Meryl Monford and Sharon Kenessey sort through Christmas decorations at the Grand Forks Hospital Auxiliary Thrift Store.                                (Jensen Edwards/Grand Forks Gazette)

Meryl Monford and Sharon Kenessey sort through Christmas decorations at the Grand Forks Hospital Auxiliary Thrift Store. (Jensen Edwards/Grand Forks Gazette)

Sorting through success with the Grand Forks Hospital Auxiliary Thrift Store

The Grand Forks Hospital Auxiliary has raised more than $2.5 million since 2000

Basing an estimate off the fact that the average price for a baby onesie, a dinner plate or a glittery Christmas decoration at the Grand Forks Hospital Auxiliary Thrift Store is $2.50, the more than $2,500,000 that the volunteer-run shop has raised for the local hospital in the last two decades becomes all the more impressive.

The figures suggest that approximately one million items have found their way from the store’s back stoop, through the volunteer sorters onto the shelves and racks in the main shop and finally out the door again. With each tiny transaction, the auxiliary can feed its ability to supply the local hospital with the equipment it needs to serve the Boundary.

But perhaps even more staggering than the money raised is that those one million items sold represent only about two-thirds of what has gotten dropped off at the store since 2000. The rest, say volunteers, is garbage.

“Everybody has their perception of what’s good stuff,” said treasurer Jo Smart. “You might think this pot is good, but if there’s scratches, a little bit of rust or whatever – you can use it at home, but when you give it to somebody else – you really can’t sell it.”

A point of pride for the store is that no rejected fabric gets on a truck to a garbage dump. Rather, usable linens, knits and denims are redirected to either Penticton, where they may still be sent on to have a life with charitable organization Canadian Food for Children, or to Nelson, where the fabrics are ground up and used in insulation.

Even by rejecting one third of all donations, the volunteers at the thrift shop still have four storage lockers full of merchandize, as well as a sorting area nearly twice the size of the store behind the shop, where rugged shelves flex under moving boxes full of trinkets, electronics and clothing – all meticulously sorted and queued up to go on display for devoted shoppers.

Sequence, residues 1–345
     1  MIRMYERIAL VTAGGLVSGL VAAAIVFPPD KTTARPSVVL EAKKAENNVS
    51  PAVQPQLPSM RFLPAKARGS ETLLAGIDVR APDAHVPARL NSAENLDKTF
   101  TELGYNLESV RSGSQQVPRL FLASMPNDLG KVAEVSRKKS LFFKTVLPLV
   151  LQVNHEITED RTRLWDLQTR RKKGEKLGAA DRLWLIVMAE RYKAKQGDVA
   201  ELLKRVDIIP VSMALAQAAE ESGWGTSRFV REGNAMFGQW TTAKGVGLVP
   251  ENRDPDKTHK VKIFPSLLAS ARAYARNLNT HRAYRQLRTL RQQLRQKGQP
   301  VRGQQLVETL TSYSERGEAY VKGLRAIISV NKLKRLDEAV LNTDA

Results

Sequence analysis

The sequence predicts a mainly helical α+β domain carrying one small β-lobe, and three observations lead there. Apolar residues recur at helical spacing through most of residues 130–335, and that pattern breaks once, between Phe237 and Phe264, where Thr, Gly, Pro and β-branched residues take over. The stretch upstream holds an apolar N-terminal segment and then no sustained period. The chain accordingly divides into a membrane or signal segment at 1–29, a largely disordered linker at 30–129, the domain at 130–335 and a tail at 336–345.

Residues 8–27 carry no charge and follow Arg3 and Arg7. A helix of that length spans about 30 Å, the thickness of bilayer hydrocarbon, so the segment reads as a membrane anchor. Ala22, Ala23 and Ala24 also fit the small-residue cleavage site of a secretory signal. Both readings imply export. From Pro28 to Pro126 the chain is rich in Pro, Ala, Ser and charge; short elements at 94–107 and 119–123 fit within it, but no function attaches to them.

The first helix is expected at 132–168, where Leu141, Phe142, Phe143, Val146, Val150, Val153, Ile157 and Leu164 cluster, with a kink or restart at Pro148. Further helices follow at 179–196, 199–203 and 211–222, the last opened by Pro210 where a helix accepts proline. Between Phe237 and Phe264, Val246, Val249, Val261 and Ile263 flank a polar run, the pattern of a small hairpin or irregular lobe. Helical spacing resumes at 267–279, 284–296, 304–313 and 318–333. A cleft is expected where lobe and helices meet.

“Our customers are pretty fussy,” said Meryl Monford, noting how the quality of their store’s items are up to scrutiny.

The thrift store’s customers are also loyal. It’s not uncommon to see a line wind from the door of the shop, south down the sidewalk of Second Street, on a Tuesday morning when items are new and the store’s been closed for a couple days.

“We’ve been very fortunate that we have our community’s support, so that we do have the money to give back to the to the hospital,” said Smart. “I really believe that if we didn’t do that, if we didn’t have this auxiliary, we wouldn’t have our hospital as equipment as it is.”

Whether its TV subscriptions for patients, iPads for doctors or X-ray plates ringing in around $65,000 each, the hospital auxiliary is prepared to step up and fulfill wish list items for the hospital.

“A lot of times the equipment isn’t very large because interior health will look after the MRI scanners and all that sort of stuff,” said Smart. “But it’s the small equipment that the doctors need.”

Sharon Kenessey justifies her 12 years of volunteering with the store as an investment in the future.

“We’re getting closer to the equipment we purchase,” Kenessey said.

“It’s my insurance against using the hospital,” Smart added. “More hours here, less at the hospital.”

The volunteers are also inviting others to join their make-shift fitness gym. Lugging boxes from storage units to shelves and racks, sometimes re-sorting familiar decorations.

“Halloween is really good,” said Smart. “Halloween, we collect all year long and then the very next day, on the first of November, we get it back.”

The same goes for Christmas, which fills a good portion of the auxiliary’s storage lockers and back shelves.

“Christmas is the gift that keeps on giving,” joked president Willy Triveri, remarking how there’s often a pile of boxes and a line of eager shoppers waiting for her to open the doors after the Christmas break. (Shoppers, if you’re wondering, the store re-opens on Jan. 7, 2020).


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